In a more general way, here are a few tips to help you avoid “tourist” restaurants and find good local ones:

    Avoid ‘Touristy’ Places

    A general rule is that the restaurants you can find near ‘touristy’ places are quite expensive, but their cooking is also quite bad, and they often serve industrial food.

    Have a Look At The Menu

    Besides the practical aspect of this piece of advice consisting of looking if what is on the menu pleases you, this will allow you to judge the quality of the food in just a glimpse! A rather short menu with only few choices often signifies fresh products and a (real) homemade meal.

    Avoid Touts

    At lunch or dinner time, we can often see waiters and waitresses on the streets trying to lure you into their restaurants. They are touts and you need to avoid them like the plague! They generally represent tourist trap restaurants (as in ‘touristy’ places, they are expensive but not so good). Think about it: a restaurant that is renowned and enjoyed by locals does not need to go customer-fishing!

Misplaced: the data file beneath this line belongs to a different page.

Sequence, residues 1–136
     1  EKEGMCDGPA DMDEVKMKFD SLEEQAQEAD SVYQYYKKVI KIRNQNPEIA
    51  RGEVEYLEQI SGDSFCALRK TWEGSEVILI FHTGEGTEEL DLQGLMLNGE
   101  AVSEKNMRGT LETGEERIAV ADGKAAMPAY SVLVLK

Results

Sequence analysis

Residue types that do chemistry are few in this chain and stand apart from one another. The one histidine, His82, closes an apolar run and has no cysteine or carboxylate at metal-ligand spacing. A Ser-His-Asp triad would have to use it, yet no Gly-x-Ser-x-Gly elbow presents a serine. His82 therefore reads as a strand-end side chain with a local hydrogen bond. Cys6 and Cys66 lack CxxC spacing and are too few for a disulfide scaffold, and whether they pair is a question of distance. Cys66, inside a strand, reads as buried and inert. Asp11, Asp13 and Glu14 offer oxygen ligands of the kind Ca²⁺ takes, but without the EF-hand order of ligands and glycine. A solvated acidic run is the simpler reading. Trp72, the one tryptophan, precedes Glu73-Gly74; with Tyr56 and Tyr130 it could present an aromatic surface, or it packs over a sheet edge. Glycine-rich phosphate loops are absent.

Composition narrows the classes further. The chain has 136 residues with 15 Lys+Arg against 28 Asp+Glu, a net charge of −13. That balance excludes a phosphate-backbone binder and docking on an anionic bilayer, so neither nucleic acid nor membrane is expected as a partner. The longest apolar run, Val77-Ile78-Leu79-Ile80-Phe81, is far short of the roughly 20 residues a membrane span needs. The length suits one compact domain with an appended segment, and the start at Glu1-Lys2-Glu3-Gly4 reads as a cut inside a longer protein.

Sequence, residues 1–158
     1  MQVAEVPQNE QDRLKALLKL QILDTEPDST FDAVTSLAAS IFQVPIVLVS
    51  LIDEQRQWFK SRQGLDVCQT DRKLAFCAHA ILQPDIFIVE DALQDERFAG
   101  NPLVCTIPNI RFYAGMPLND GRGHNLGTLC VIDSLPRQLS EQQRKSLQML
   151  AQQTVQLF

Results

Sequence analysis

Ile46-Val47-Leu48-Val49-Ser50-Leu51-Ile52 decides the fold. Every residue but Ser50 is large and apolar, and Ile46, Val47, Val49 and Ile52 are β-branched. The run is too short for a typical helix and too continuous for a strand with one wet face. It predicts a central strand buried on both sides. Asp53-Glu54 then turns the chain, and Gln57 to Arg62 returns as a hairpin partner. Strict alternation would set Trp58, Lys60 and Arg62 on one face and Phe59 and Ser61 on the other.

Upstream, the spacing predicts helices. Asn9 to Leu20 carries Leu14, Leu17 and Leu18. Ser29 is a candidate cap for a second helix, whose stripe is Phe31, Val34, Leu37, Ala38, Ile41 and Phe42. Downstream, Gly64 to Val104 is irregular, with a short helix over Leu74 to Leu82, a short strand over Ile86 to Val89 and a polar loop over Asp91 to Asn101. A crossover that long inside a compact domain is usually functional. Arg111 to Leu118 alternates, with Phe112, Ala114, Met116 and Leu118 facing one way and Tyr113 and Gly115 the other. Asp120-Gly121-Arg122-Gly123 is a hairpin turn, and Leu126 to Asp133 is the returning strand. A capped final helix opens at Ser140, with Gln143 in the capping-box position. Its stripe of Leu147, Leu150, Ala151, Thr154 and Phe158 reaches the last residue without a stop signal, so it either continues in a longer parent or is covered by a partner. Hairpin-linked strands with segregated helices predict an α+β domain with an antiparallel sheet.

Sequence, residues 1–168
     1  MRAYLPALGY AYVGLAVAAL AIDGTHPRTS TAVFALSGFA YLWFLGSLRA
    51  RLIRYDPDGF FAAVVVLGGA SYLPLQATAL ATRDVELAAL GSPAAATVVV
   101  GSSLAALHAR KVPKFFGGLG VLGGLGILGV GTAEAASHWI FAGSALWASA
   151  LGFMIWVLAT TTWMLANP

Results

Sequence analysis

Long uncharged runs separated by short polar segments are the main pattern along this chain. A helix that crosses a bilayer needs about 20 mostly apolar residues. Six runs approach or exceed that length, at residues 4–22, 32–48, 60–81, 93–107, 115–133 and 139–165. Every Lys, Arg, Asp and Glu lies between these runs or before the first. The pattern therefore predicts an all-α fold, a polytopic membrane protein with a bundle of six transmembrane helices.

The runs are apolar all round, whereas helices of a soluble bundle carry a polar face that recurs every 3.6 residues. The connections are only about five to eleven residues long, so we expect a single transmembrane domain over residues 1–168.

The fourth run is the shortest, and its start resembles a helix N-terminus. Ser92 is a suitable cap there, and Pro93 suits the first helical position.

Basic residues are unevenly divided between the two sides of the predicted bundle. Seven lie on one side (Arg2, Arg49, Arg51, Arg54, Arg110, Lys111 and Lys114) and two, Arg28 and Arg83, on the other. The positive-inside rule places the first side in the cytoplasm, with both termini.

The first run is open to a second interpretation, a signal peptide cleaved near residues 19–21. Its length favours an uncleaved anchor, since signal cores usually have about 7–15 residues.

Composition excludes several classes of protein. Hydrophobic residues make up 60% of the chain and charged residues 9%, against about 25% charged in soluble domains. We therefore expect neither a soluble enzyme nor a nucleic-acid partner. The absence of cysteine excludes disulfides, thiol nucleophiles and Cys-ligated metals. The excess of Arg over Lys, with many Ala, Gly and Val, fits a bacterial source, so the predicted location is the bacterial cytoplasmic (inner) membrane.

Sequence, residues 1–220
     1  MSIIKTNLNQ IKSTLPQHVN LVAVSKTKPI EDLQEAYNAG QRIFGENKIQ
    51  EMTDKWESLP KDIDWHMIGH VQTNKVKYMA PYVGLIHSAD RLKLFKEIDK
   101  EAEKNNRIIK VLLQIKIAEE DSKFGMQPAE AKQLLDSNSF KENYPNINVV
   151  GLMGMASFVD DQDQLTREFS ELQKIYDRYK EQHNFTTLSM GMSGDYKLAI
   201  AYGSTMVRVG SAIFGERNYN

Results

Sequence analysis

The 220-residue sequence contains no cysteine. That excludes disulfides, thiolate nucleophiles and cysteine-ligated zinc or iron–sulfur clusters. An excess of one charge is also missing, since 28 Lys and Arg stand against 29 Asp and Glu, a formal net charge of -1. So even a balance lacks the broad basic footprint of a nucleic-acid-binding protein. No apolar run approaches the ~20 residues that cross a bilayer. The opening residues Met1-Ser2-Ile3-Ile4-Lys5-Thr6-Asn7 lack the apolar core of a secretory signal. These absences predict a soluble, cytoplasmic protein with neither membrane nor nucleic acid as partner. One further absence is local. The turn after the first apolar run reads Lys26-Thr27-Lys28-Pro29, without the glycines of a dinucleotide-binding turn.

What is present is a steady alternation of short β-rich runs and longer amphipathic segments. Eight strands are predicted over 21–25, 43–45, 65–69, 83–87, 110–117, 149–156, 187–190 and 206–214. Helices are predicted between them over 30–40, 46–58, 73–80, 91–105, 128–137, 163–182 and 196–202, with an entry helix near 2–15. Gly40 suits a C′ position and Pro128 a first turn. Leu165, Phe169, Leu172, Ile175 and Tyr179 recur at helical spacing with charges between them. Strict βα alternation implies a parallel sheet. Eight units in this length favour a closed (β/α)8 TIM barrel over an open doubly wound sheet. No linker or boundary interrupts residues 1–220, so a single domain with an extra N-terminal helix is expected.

Be Informed

    To confirm your choice, do not hesitate to go have a look at what is said about the restaurant you chose on the Internet on websites such as Tripadvisor or the French website La Fourchette. If everyone says that it is a nice place, there is no doubt then that it actually is a nice place!

     

     

    Paris’ Villages – Visiting Paris In A Bucolic Way

    Paris is not just a series of grey buildings and skyscrapers. If you search for them, you can find little quaint and picturesque streets that look so much like small villages that they will make you forget that you are in a great European capital city.

    Go for a walk on rue de Mouzaïa (19th district), on the colorful rue Crémieux (12th district), in the Village d’Auteuil (16th district), or on the Butte Bergeyre or the Butte aux Cailles.